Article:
Sunday, March 10, 2013

Siarscéal Festival - Saturday

A most enjoyable day at the Siarscéal Festival in Roscommon town on yesterday Saturday. A busy programmes which started at 10 in the morning.

The official opening was leisurely and relaxed with great speeches from Dinny McGinley, Minister of State at the Department of Arts, Heritage and the Gaeltacht. He wandered from his script to talk of heritage, poetry, rural Ireland, the Gathering, the Irish language in a friendly, inclusive way which was more a chat with friends than a speech.

He was followed by Loyola Hearn, the Canadian Ambassador to Ireland, who proved to be one of the stars of the event. Though a relatively recent appointment he showed a wide knowledge of and interest in Ireland and things Irish. He is from Newfoundland and so has a strong Irish background. He finished his talk by reading a poem he had written about Patrick Kavanagh. Impressive!

The Mayor of Roscommon had a difficult task following these two to officially launch the festival and he did a fine job wisely keeping to his script.

Pupils from the Abbey NS, Roscommon entertained the large attendance by reading their poems on the topic of the Gathering, playing music and dancing.

The adjudicators, Eleanor McGrath for the senior categories and Ann Joyce for the juniors, talked about the process of selecting the prizewinners from the many entries. The winners were announced and the judges commented on the winning prose and poetry. The trophies and certificates were presented and those of the winners who were present read their pieces.

I was a bit anxious about reading my poem. It was, as the rules required, on the general theme of the Gathering, homecoming, but is quite dark. The adjudicator said it was "a difficult poem" which she read and put aside a number of times before finally awarding it the prize. When I read it at the Boyne Writers meeting most thought I should have left out the word "vomit"!

Anyway I read it as best I could and the audience listened very attentively. I was delighted.

In the afternoon I attended the workshop and open mic event conducted by Ann Joyce with some input from Eleanor McGrath.

Poet Ann Joyce is a native of Mayo but lives in Sligo. Her poetry collection Watching for Signs was published by Dedalus Press 2005. Eleanor McGrath is a Canadian writer and film maker. Her book  A Story to be Told: The Irish Immigrant Experience in Canada was published by Liffey Press. She has made two films, Kanata: An Irish Story and Alive from the Divis Flats.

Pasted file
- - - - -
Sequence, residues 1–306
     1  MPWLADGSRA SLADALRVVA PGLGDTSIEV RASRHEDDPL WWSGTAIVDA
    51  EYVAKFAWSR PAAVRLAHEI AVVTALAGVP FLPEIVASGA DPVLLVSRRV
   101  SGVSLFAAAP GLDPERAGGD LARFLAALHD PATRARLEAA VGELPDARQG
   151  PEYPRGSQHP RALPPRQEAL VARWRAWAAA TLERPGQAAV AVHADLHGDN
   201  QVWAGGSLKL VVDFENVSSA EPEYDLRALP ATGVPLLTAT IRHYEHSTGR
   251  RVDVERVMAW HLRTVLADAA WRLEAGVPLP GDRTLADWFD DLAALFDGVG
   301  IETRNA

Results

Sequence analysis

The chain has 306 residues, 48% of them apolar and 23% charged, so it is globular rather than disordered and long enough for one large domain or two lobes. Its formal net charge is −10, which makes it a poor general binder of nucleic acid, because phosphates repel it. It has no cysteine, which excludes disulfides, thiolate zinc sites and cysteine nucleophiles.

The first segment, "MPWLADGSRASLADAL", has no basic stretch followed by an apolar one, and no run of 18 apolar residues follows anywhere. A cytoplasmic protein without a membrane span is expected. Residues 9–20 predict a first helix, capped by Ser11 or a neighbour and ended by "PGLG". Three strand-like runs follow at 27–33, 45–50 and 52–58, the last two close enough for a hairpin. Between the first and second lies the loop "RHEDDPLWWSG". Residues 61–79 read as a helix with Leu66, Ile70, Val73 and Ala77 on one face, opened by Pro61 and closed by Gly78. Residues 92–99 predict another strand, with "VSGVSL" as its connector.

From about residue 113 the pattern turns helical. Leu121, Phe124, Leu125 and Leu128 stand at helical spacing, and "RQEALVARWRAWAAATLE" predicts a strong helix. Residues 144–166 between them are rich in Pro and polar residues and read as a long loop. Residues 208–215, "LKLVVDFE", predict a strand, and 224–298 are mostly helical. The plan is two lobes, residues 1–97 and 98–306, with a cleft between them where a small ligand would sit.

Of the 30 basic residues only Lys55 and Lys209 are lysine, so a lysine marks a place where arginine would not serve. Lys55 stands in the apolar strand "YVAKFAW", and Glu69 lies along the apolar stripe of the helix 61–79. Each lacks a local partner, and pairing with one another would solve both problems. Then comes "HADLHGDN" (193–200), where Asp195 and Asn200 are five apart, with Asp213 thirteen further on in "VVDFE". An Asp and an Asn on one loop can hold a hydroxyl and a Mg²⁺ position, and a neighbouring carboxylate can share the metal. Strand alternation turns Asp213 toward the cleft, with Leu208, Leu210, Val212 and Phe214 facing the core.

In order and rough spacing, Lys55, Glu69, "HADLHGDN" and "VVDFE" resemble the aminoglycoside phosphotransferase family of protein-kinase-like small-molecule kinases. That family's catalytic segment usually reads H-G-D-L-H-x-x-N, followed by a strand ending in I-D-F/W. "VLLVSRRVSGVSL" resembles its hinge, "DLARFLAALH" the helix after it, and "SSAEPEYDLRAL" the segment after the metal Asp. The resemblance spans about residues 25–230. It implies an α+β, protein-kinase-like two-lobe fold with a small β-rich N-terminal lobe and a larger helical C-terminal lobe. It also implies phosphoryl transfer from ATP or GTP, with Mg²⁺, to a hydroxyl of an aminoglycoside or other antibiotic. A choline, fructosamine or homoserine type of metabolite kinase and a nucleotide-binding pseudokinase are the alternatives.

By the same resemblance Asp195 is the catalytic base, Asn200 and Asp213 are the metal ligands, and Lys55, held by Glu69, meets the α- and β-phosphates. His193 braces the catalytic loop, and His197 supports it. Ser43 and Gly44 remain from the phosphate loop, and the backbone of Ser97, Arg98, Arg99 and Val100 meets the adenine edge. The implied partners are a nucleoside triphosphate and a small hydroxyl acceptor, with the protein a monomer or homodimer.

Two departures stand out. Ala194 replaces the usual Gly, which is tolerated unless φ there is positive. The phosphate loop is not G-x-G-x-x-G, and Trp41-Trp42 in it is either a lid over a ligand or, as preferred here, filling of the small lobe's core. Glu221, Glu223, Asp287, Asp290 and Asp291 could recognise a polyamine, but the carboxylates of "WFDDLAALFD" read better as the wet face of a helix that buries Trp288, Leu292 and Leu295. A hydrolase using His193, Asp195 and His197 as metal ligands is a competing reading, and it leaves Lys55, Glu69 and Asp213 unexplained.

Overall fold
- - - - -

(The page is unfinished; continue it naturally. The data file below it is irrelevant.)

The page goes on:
A very interesting couple of hours with a nice mixture of published poets and beginners. Some great advice from Eleanor, don't be shy about your work, don't start a reading by apologising, enter competitions, send out your work, work hard.

Ann gave us three words as a writing start.and afterwards we read our first drafts. The three small words took us on all kinds of different journeys to all kinds of different places. Those who began their reading by apologising were shouted down!

Like most of these festivals this was a most enjoyable event, friendly, well-organised and relaxed. I met some old friends and made some new

Top Picture: The dignatories and organisers. Bottom row left to right. Eleanor McGrath, Minister Dinny McGinley, the Mayor of Roscommon Cllr Tom Crosby, Canadian Ambassador Loyola Hearn and his wife Maureen.

Bottom Picture: Adjudicator Eleanor McGrath and myself with my precious trophy.


Connie Roberts said...

Nice trophy, Michael. A cash prize is nice, but you can't beat a trophy: it'll be there on the mantlepiece long after the moola is gone. Congrats. again.

Your poem sounds intriguing. Any chance we'll be able to read it somewhere one of these fine days?

Michael Farry said...

Yes indeed, a very nice trophy. Thanks Connie.